Forefoot pain/Morton's neuroma
What is it?
Morton’s neuroma is a thickening in and around the nerve between the first and second, or second and third, toe. If the swelling becomes large, the nerve can no longer fit between the toes and, while walking, can be pushed upwards, which causes pain and other neurological symptoms. Morton’s neuroma is a common cause of forefoot pain.
Why does it occur?
Often there is no obvious underlying cause, but it can be secondary to other forefoot deformities or repetitive sports activities.
What are the symptoms?
Symptoms can include pain and numbness in one part of the ball of the foot, which occasionally spreads to the toes. Any pain can be burning or stabbing in nature, and sometimes affects your ability to walk comfortably. Some patients with this condition describe it feeling as there is a stone or marble under their foot.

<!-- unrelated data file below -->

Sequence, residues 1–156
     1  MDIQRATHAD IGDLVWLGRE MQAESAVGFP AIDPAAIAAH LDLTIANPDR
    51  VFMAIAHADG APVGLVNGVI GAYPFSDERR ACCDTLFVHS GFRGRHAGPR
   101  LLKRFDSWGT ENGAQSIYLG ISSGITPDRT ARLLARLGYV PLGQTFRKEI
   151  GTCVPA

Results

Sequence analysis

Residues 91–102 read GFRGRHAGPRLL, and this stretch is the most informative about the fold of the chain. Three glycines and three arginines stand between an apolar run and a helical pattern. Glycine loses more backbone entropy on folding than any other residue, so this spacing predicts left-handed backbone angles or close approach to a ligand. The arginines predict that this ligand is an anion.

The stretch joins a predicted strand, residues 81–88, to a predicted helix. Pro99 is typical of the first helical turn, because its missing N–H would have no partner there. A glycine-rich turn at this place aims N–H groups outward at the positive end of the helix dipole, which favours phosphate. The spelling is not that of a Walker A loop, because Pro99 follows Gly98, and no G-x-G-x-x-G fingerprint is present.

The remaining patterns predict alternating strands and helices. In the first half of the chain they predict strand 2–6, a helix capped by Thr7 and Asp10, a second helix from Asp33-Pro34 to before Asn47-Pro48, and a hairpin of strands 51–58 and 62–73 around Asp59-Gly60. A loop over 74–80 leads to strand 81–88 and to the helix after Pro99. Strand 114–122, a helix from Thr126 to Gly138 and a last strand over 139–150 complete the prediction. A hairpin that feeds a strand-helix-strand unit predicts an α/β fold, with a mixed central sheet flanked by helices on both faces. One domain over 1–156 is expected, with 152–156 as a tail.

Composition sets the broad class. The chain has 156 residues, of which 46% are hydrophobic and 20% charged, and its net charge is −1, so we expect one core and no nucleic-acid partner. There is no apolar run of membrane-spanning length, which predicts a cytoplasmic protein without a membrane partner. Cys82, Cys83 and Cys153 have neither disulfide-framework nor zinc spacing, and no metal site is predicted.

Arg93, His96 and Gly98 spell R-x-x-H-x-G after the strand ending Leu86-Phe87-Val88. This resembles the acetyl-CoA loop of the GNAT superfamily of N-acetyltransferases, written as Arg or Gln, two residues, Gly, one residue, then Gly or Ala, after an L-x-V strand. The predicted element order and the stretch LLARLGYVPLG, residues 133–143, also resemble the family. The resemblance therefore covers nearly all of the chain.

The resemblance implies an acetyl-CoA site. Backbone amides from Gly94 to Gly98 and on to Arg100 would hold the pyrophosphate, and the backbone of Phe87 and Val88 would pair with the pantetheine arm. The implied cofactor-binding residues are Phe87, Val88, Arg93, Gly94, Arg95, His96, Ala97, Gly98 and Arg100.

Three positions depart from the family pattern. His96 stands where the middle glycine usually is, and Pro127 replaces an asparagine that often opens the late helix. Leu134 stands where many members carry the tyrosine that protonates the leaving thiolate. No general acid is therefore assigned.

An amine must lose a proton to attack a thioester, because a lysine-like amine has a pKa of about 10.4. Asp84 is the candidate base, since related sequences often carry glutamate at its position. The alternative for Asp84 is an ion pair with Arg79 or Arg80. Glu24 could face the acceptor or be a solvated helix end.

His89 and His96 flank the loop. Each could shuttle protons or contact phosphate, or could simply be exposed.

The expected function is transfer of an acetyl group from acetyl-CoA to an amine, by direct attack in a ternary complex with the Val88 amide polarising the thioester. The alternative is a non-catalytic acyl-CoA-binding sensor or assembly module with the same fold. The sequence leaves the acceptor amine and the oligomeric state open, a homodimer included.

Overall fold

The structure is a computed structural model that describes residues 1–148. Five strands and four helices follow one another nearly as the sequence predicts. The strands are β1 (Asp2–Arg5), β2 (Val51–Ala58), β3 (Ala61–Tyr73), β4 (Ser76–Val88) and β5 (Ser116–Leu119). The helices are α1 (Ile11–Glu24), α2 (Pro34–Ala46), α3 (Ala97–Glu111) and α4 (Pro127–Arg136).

How is it diagnosed?
Your consultant will take a medical history, and carefully examine your foot, as it is important to rule out any other causes of forefoot pain. Occasionally, in order to help confirm a diagnosis, ultrasound scans to identify a swelling in the nerve may be required.
How is it treated?
Wearing wider footwear and shoes with cushioned soles may well improve symptoms sufficiently to avoid further intervention. The next step would normally be a steroid injection and ultrasound guidance of a local anaesthetic. In around half of those with this condition, this treatment will resolve any symptoms.
Surgery often involves removing the affected nerve in the ball of the foot. An incision is made on the top of the foot and the nerve is carefully removed. In the majority of patients, this normally resolves any symptoms.
Morton's neuroma surgery
The One Orthopaedics team specialists
Consultant Orthopaedic Foot and Ankle Surgeon FRCS (Tr & Orth)